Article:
Last Updated on July 13, 2022 by Benson Varghese
In Texas, the divorce process is officially over when a judge signs the final decree of divorce. This legal document legally ends your marriage and contains all of the court’s decisions about your divorce. In this article, we will explain the Texas divorce decree in more detail, including what is in it and how it will guide you moving forward.
What information is contained in a Texas divorce decree?
A Texas divorce decree is a binding legal document that contains the court’s final decisions on all of the issues in your divorce. This includes decisions about property division, spousal support, child custody, child support, visitation, and possession. The final decree of divorce will also specify who will pay what debts and court costs. Once it is signed by the judge, you are officially divorced and can move on with your life.
How does a Texas divorce decree work?
Once the judge signs your divorce decree, it is filed with the court clerk and becomes a public record. This means that anyone can request a copy of a Texas divorce decree from the court clerk’s office. Once the decree is final, you and your spouse are legally obligated to follow its terms. If either of you fails to do so, the other party can file an enforcement action with the court to have the terms enforced. You will likely receive a copy of your divorce decree through your attorney shortly after it is signed.
What if I don’t follow my Texas divorce decree?
A Texas divorce decree is a court order. If you fail to abide by it, your former spouse can file a motion to enforce the divorce decree. This will bring the matter to court, where a judge can hold you in contempt of court and order you to pay a fine, award your former spouse attorney’s fees, or even put you in jail. So, it is very important that you understand the terms of your decree and follow them carefully. If you have not been following your divorce decree, you should speak to an experienced family law attorney to find out what your options are and how to mitigate possible punishment.
Can I modify a divorce decree if the terms are no longer feasible?
Yes. You can file a motion to modify the divorce decree if there has been a material and substantial change in circumstances since it was issued. For example, if you were ordered to pay child support but have lost your job, you can ask the court to modify the child support order. Your divorce decree must have been in place at least a year before you can move to modify it.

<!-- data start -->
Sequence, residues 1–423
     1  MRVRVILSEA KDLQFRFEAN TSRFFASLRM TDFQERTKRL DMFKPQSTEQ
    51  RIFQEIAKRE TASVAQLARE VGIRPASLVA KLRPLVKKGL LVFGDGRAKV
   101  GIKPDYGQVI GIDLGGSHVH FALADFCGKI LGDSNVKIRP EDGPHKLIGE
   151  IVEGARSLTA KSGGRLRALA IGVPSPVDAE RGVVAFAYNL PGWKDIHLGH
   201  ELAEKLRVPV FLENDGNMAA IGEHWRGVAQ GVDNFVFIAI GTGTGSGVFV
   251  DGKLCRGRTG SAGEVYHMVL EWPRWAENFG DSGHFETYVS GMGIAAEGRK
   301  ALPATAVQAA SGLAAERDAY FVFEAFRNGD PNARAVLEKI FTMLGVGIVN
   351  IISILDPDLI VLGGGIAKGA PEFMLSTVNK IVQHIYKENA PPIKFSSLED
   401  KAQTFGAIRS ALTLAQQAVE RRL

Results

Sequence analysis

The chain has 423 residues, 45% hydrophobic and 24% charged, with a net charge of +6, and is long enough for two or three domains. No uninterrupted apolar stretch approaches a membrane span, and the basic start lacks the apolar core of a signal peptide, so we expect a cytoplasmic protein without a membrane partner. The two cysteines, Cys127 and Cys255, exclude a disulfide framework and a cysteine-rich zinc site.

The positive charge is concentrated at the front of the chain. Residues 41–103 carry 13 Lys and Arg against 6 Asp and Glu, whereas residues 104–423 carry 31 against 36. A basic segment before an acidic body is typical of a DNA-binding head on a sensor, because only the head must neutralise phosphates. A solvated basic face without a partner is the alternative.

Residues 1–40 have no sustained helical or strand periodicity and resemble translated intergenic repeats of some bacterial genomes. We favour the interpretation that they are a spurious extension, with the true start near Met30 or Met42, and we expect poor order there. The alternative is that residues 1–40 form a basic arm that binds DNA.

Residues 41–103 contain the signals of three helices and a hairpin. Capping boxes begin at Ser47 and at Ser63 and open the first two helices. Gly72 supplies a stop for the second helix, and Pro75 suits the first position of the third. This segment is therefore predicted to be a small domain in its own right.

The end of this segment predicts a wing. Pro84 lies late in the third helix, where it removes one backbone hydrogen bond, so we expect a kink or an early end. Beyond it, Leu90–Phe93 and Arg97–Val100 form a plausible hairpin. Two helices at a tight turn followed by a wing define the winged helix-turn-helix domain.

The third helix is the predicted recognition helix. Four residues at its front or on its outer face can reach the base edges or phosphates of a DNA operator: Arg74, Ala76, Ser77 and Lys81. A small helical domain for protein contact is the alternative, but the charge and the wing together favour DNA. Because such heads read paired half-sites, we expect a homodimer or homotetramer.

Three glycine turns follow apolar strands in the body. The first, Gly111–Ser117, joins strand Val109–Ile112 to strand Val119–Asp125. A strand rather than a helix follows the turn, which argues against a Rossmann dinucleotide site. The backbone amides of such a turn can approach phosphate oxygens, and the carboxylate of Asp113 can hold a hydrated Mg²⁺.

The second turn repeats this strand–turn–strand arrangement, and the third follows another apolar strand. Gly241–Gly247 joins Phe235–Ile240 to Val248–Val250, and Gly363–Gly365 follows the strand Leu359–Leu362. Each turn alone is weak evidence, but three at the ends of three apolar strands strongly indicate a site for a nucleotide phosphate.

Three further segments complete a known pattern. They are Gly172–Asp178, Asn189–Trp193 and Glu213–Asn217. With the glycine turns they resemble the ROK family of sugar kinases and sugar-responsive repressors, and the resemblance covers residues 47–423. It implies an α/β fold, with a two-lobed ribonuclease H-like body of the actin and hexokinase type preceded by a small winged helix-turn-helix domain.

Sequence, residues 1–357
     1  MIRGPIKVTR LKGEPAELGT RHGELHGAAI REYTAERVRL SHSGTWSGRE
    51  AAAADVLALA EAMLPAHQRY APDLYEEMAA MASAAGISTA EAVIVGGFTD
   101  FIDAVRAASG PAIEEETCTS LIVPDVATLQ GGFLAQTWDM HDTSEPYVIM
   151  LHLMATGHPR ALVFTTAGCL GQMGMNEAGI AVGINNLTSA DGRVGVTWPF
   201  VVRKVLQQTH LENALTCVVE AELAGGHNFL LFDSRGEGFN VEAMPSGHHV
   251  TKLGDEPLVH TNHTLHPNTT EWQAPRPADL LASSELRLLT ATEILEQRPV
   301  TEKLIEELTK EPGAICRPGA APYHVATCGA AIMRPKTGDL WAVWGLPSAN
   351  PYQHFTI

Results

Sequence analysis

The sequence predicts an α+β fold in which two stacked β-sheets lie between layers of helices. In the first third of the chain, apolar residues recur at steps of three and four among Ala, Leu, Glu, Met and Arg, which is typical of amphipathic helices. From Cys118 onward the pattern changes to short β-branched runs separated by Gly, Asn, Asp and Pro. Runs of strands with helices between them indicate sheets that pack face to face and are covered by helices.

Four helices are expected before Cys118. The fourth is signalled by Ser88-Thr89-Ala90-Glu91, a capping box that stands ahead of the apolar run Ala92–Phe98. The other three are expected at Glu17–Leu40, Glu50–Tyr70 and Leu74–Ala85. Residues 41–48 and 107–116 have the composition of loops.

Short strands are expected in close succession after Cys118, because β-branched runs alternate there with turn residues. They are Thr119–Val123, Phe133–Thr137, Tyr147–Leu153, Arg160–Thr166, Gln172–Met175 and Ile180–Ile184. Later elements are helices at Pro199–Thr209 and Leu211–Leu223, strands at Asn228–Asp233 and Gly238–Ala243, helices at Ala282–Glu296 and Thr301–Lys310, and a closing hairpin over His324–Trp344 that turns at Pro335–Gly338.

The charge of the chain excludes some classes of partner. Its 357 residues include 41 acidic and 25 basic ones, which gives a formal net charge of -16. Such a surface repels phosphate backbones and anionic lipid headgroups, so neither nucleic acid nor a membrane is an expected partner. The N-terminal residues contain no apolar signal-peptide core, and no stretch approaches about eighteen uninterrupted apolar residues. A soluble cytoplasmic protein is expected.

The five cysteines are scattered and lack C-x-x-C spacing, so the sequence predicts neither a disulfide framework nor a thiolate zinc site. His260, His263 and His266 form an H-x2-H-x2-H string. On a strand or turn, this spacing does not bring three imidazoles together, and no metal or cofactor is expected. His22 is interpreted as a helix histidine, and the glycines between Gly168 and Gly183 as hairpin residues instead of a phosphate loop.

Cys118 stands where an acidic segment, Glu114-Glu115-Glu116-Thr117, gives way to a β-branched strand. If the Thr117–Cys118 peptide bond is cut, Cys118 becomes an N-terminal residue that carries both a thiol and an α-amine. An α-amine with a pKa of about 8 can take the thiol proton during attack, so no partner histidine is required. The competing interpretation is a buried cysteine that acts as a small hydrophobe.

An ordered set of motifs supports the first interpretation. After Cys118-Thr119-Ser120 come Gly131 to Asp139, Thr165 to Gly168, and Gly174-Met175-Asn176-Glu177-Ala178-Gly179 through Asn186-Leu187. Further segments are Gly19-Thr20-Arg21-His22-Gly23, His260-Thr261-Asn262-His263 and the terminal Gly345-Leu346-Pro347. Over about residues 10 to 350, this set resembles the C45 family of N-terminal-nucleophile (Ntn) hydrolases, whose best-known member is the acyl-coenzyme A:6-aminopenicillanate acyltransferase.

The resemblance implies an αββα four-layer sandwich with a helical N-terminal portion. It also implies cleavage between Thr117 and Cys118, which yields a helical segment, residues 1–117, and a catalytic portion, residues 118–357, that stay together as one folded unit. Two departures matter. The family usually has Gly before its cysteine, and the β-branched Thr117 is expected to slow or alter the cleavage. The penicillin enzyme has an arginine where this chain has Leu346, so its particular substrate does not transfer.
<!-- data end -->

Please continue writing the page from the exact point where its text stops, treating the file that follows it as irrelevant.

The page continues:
How does a Texas divorce decree impact my life moving forward?
A Texas divorce decree is a binding legal document, the order under which you must live. It dictates how you will divide your property, how you will support your children, and possession and access to them. It is important to understand all the terms of your decree. Once it is signed by the judge, you are legally obligated to follow it.
If you fail to abide by its terms, you could find yourself back in court facing repercussions. If your circumstances change, it’s important to file a motion to modify the decree so that you remain in compliance. In essence, the divorce decree will be a part of your life moving forward, so it is important to refer to it as you make decisions about your post-divorce life.
How long after the divorce decree is signed can I remarry?
In Texas, you must wait 30 days after a judge finalizes your divorce to remarry. So, you can marry 31 days after the judge signs your divorce decree.
Questions about Texas divorce decree?
We hope this article has helped you better understand the Texas divorce decree and how it can impact your life moving forward. If you have any further questions, please drop them in the comment box below. We will answer them as soon as possible.
If you are seeking a divorce or need help enforcing the terms of your decree, call us at 817-900-3220 to schedule a consultation with one of our experienced attorneys. We are located in downtown Fort Worth and serve clients throughout Tarrant County.
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